Number of co-authors:10
Number of publications with 3 favourite co-authors:Cathryn Manduca:David Mogk:Carole L. Palmer:
Mary Marlino's 3 most productive colleagues in number of publications:Tamara Sumner:33Michael Khoo:12Carole L. Palmer:10
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Publications by Mary Marlino (bibliography)
Palmer, Carole L., Allard, Suzie and Marlino, Mary (2011): Data curation education in research centers. In: Proceedings of the 2011 iConference 2011. pp. 738-740. http://dx.doi.org/10.1145/1940761.1940891
New data skills are critical to the progress of 21st century science to ensure that data are properly selected and stored and can be readily discovered, accessed, and used over time. The Data Curation Education in Research Centers (DCERC) program will establish a model for data curation graduate education that enriches students learning and expertise through onsite training at a data intensive scientific research center. Doctoral students will conduct research and masters students will develop as professionals in the real world of research, guided by both science and data mentors. DCERC is also aligned with research and development activities in the current NSF DataNet projects, providing students with opportunities to interact with working groups and learn first-hand about R&D advances and outcomes.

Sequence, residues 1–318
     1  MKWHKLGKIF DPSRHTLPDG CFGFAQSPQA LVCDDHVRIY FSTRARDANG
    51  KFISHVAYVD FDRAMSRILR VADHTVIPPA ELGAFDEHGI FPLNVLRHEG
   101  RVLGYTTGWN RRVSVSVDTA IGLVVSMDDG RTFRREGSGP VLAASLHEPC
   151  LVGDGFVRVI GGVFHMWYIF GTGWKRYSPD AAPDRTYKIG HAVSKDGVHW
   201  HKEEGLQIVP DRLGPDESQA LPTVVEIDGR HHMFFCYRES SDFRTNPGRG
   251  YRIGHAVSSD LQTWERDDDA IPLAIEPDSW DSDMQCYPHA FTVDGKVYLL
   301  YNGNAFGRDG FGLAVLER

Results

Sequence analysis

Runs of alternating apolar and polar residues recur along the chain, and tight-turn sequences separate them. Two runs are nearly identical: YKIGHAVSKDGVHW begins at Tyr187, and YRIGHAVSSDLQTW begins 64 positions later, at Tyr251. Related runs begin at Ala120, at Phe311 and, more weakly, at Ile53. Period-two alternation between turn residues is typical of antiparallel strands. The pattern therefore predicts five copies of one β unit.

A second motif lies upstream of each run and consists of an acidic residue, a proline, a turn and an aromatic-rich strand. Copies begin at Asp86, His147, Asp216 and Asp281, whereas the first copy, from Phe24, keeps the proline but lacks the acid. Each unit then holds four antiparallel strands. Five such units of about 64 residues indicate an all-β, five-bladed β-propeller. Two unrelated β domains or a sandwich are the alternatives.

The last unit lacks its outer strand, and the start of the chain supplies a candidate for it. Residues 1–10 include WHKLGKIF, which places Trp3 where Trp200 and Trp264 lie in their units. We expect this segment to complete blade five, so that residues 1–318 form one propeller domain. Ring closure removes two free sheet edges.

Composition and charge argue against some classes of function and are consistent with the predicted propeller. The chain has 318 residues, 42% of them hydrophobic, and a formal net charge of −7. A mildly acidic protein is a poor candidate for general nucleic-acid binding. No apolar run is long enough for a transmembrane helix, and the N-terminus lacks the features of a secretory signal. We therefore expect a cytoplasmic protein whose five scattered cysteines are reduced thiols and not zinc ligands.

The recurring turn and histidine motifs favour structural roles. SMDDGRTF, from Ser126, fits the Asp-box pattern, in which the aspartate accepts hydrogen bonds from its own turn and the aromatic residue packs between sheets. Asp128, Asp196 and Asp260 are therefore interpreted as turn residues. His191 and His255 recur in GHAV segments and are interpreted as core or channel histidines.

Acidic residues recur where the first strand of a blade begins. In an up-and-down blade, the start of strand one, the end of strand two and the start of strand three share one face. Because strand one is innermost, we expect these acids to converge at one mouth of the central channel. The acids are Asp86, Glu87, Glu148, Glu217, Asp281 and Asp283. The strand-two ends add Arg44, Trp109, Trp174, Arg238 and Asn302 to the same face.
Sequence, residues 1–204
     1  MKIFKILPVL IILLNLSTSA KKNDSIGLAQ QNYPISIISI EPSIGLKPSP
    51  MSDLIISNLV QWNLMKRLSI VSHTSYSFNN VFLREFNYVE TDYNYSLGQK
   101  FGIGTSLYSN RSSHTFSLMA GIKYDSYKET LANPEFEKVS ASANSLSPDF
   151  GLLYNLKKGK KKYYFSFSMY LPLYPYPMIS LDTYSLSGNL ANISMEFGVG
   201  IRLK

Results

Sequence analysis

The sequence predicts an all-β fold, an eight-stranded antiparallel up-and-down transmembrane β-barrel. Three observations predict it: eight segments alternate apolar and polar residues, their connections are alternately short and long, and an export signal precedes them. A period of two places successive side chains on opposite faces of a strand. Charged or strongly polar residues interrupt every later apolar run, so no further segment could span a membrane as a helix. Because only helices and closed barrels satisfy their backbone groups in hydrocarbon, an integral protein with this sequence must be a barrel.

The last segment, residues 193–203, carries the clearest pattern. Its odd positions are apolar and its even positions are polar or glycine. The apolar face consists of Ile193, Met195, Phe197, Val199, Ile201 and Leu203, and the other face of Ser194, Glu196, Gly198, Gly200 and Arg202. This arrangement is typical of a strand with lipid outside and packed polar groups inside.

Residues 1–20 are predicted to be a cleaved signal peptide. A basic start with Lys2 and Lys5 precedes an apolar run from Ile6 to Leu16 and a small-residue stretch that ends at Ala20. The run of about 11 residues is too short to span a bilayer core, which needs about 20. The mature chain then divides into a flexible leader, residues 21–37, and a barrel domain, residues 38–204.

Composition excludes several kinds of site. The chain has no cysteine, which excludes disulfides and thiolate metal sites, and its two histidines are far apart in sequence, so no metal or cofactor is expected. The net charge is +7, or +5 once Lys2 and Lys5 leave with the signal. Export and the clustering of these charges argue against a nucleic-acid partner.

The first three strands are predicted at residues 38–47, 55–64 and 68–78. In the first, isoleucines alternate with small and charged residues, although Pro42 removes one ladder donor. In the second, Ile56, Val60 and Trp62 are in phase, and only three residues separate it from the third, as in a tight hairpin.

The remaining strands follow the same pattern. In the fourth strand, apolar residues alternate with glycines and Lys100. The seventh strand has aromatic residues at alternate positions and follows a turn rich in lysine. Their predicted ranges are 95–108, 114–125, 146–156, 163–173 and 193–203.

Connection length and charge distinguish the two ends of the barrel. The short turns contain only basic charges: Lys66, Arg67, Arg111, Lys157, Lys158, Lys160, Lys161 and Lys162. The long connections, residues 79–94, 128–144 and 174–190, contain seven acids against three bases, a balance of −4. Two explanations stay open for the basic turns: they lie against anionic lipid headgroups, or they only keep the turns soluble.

© All rights reserved Palmer et al. and/or ACM Press
Sumner, Tamara and Marlino, Mary (2004): Digital libraries and educational practice: a case for new models. In: JCDL04: Proceedings of the 4th ACM/IEEE-CS Joint Conference on Digital Libraries 2004. pp. 170-178. http://doi.acm.org/10.1145/996350.996389
Educational digital libraries can benefit from theoretical and methodological approaches that enable lessons learned from design and evaluation projects performed in one particular setting to be applied to other settings within the library network. Three promising advances in design theory are reviewed -- reference tasks, design experiments, and design genres. Each approach advocates the creation of 'intermediate' constructs as vehicles for knowledge building and knowledge sharing across design and research projects. One purpose of an intermediate construct is to formulate finer-grained models that describe and explain the relationship between key design features and the cognitive and social dimensions of the context of use. Three models are proposed and used as thought experiments to analyze the utility of these approaches to educational digital library design and evaluation: digital libraries as cognitive tools, component repositories, and knowledge networks.
© All rights reserved Sumner and Marlino and/or ACM Press
Sumner, Tamara and Marlino, Mary (2004): Demonstrating education impact: challenges in the years ahead. In: JCDL04: Proceedings of the 4th ACM/IEEE-CS Joint Conference on Digital Libraries 2004. p. 258. http://doi.acm.org/10.1145/996350.996412